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All my computers in the house will not connect to Amazon.com, but some unsecure (http) Amazon login page. This is the second time I'm having this issue. The first time I resolved it by changing my DNS servers to Goggle's DNS (8.8.8.8 and 8.8.4.4). I checked them tonight and a random one was first, while 8.8.8.8 was second. I reset them to Googles yet I still get this bogus login page. Every link I hit just refreshes the same page (like the Privacy Policy, Help, etc...)

My router is an Asus RT-N66R with the latest firmware. If I use the network tools to ping amazon.com, all packets are lost. If I use my laptop, I get responses from www.amazon.com, but not amazon.com

I used F-Secure's router checker and it shows everything as ok - both when I use Google's DNS and when I set to auto and use my ISP (Comcast). I'm at my wit's end as to WTF is going on. Please help me!

[EDIT] Used Google's DNS servers and reset the router -all is well now but I would still love to know what the heck has been going on.

  • You should re-edit your question to reflect the current problem rather than ask one question and say never mind but here's another question. – Neil Smithline Nov 22 '15 at 2:11
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    @NeilSmithline actually, no. What OP did is perfectly fine. The information in the original problem can definitely be helpful to explaining the situation and solving the issue. It's actually more problematic if they completely re-edit the question. – d0nut Nov 22 '15 at 2:53
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Based on your details something is messing with the DNS settings and since it affects the whole network it is probably the router. Also the fact that the first DNS address in the router was something you did not set indicates an attack against the router.

I used F-Secure's router checker and it shows everything as ok

I have no idea what the router check really does, but from a short look I would suggest that it looks up various random hosts inside the ismydnshijacked.com domain. The DNS server will probably check where these lookups come from. But if this is really all then an attacker could setup its own DNS server (and set your router to use it) which then resolves these domains using the public DNS servers of google. In this case everything will look fine because the DNS lookup came from a trusted DNS server.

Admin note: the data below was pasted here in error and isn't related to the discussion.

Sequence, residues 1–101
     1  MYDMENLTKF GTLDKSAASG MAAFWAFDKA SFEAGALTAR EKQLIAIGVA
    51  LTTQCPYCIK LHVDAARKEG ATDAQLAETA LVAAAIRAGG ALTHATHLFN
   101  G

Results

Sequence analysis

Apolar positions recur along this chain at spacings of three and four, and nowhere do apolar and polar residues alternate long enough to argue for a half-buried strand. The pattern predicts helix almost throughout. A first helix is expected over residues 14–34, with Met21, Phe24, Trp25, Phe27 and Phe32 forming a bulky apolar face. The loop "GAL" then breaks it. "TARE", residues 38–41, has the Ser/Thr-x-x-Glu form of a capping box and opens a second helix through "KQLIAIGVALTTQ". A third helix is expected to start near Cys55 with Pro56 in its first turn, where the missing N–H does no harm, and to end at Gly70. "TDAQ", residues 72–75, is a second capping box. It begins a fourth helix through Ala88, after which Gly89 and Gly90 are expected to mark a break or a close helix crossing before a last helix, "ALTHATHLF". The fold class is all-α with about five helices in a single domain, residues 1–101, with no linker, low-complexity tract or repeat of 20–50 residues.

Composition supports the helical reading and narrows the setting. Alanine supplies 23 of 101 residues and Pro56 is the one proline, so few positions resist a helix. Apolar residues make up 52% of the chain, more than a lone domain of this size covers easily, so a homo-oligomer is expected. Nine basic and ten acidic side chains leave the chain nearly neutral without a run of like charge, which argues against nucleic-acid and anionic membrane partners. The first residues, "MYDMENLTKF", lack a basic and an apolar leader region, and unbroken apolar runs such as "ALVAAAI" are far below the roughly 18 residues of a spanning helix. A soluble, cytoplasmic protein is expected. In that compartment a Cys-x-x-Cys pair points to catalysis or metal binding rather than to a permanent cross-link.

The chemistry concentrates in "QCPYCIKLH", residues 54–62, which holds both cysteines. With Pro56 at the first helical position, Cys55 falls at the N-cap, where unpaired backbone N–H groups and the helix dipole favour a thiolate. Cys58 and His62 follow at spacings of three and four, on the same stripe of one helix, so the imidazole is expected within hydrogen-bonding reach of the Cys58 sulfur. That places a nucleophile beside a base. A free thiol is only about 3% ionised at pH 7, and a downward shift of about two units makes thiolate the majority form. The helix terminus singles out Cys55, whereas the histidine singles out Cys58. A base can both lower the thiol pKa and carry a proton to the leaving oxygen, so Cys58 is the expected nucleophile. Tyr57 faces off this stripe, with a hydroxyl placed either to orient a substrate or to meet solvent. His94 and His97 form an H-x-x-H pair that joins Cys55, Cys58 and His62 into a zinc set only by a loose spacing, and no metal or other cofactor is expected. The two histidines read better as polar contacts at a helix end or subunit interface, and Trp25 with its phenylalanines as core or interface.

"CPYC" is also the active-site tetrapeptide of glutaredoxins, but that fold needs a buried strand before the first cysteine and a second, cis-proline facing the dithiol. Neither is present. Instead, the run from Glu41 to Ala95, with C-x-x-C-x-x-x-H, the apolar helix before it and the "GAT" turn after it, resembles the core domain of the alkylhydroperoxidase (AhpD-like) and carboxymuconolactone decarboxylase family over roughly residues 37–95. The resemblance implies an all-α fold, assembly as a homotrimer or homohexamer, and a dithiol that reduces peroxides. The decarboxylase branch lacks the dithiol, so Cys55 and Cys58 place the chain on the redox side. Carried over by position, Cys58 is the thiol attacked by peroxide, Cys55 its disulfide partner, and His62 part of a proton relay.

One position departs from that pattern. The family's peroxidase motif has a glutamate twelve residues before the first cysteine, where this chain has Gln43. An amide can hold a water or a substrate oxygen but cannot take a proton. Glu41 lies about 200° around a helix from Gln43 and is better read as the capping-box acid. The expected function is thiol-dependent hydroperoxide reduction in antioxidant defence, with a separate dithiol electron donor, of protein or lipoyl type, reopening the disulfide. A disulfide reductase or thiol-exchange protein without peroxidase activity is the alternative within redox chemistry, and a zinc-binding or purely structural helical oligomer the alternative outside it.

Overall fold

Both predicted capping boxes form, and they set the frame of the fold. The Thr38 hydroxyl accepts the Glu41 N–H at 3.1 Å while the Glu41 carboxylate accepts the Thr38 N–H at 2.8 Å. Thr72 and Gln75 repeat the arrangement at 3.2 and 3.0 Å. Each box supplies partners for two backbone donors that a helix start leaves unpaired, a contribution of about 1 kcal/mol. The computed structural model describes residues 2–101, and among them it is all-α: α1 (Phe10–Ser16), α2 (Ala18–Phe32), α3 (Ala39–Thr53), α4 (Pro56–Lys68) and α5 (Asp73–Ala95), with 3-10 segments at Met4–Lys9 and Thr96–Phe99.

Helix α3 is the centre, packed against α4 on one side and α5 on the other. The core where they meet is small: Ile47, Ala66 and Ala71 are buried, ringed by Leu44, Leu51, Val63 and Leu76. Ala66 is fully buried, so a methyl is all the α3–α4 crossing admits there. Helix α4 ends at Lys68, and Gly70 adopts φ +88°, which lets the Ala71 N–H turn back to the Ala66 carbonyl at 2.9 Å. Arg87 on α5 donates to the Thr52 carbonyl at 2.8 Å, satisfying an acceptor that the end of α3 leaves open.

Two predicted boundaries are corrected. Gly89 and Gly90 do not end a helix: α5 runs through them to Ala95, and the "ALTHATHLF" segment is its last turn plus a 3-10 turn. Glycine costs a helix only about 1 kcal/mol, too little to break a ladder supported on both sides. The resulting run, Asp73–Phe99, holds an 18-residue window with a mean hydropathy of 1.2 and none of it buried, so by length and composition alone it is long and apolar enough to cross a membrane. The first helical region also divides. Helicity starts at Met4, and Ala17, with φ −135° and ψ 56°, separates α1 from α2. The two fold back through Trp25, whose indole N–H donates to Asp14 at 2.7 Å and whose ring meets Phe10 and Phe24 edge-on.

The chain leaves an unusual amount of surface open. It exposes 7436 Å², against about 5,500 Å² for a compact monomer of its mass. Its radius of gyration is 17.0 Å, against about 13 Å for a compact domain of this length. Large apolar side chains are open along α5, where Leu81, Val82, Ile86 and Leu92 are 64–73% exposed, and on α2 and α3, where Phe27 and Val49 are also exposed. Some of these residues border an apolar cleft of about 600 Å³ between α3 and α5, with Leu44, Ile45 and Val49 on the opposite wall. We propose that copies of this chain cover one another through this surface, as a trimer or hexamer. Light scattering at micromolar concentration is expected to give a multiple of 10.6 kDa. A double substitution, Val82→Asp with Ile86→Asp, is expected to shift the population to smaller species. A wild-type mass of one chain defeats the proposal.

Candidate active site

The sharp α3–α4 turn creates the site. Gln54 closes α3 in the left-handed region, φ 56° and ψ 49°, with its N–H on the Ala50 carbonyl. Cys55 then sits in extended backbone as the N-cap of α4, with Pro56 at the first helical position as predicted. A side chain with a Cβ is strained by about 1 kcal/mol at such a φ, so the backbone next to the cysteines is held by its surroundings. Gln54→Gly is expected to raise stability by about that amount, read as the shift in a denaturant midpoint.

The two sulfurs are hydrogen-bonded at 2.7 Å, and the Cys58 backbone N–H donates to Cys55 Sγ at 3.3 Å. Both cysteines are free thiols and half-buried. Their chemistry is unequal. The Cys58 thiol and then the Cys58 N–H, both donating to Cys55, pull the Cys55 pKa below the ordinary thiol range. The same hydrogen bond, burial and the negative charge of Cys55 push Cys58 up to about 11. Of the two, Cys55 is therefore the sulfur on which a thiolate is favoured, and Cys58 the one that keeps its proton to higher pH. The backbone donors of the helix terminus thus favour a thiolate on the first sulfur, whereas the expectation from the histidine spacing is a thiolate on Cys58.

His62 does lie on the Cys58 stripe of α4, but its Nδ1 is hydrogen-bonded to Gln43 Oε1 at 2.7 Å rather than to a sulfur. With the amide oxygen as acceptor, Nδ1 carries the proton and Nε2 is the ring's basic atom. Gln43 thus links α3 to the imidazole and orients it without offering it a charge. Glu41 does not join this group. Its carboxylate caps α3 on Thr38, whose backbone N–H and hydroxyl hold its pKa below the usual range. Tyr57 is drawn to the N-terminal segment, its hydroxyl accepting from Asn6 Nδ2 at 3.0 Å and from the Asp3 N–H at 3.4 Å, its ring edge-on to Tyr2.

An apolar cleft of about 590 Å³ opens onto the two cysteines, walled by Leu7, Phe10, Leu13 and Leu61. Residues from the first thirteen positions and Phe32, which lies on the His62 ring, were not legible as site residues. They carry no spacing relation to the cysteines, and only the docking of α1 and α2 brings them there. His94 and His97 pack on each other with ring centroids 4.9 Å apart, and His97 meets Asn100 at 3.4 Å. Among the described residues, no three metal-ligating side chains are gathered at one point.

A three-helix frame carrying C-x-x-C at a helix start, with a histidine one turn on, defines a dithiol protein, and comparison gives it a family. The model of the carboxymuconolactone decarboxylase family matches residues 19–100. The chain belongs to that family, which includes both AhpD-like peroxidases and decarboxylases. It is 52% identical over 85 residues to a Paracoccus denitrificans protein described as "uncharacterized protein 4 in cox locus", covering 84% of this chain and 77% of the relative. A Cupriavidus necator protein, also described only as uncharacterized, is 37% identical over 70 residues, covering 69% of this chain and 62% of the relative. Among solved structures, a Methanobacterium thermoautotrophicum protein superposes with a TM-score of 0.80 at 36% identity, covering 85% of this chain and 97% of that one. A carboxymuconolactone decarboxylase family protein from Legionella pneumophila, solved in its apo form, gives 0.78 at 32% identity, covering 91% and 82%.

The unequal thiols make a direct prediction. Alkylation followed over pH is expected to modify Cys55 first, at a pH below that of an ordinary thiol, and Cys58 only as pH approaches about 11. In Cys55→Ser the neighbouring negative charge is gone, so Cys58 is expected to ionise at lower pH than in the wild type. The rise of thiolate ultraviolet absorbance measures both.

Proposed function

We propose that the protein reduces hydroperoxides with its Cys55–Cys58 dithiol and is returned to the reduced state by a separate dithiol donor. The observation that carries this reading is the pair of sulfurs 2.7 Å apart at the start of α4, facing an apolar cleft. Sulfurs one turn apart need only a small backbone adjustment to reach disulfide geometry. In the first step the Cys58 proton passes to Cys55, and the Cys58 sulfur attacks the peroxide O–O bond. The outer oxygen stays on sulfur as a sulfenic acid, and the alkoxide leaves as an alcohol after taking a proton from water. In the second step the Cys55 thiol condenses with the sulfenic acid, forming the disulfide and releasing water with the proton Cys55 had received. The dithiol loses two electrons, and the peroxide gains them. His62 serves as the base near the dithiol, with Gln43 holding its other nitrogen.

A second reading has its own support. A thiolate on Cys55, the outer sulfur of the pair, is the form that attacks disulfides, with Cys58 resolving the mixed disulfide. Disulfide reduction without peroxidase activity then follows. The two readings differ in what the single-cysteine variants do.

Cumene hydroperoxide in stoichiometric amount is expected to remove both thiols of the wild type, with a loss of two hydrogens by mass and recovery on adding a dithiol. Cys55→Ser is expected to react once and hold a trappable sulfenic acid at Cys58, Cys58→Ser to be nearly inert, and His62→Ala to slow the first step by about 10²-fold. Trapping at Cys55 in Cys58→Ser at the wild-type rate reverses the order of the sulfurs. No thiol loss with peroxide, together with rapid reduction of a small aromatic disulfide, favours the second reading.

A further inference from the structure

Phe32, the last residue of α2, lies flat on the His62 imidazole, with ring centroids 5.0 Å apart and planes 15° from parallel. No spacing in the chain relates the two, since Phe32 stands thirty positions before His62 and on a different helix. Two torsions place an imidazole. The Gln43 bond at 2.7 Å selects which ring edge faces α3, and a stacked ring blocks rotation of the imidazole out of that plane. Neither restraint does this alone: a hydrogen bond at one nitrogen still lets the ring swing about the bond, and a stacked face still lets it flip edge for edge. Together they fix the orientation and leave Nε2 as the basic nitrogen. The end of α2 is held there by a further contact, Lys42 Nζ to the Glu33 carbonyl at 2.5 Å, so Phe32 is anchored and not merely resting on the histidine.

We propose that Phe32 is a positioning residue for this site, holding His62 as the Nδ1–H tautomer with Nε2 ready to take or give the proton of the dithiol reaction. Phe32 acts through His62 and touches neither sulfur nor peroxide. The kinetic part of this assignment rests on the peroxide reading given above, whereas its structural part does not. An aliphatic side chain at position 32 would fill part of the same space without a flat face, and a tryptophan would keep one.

Insofar I'm sure that this router checker could easily be tricked into believing that everything is fine and attackers are known to make sure that their attacks will not be detected by known security solutions.

[EDIT] Used Google's DNS servers and reset the router -all is well now but I would still love to know what the heck has been going on.

Again this indicates an attack against your router. Based on your description the router is Asus RT-N66R which just based from a google search has a bad history which contains several possible exploits. It looks like there were fixes done in 06/2015 to reduce the attack surface ("Enhanced the login authentication strength and fixed CSRF related issues.") but there is a firmware from 2015/11/06 which again makes fixes at these area ("Modified brute-force protection mechanism in router login page." and several buffer overflows fixed).

Thus I would suggest that your router is either not on the latest firmware since this was only released 2 weeks ago or that the device is still vulnerable even after the latest fixes. Given the problems the vendor had in the past this would not be that unexpected.

  • Thanks - when I ran the check firmware on the router it reported it was the latest, but I was in fact, one version behind. I just used your link and manually updated the router to the latest version. – merlot Nov 22 '15 at 13:37
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A few things worth considering:

  1. Change your router's administrative password to something random. Ideally, do this from a separate computer/smartphone if possible. Don't log on the router from any of your compromised computers and do not save the password
  2. Configure your router so that remote management is not enabled
  3. Make sure TR-069 is not enabled

Wait and see if this happens again.

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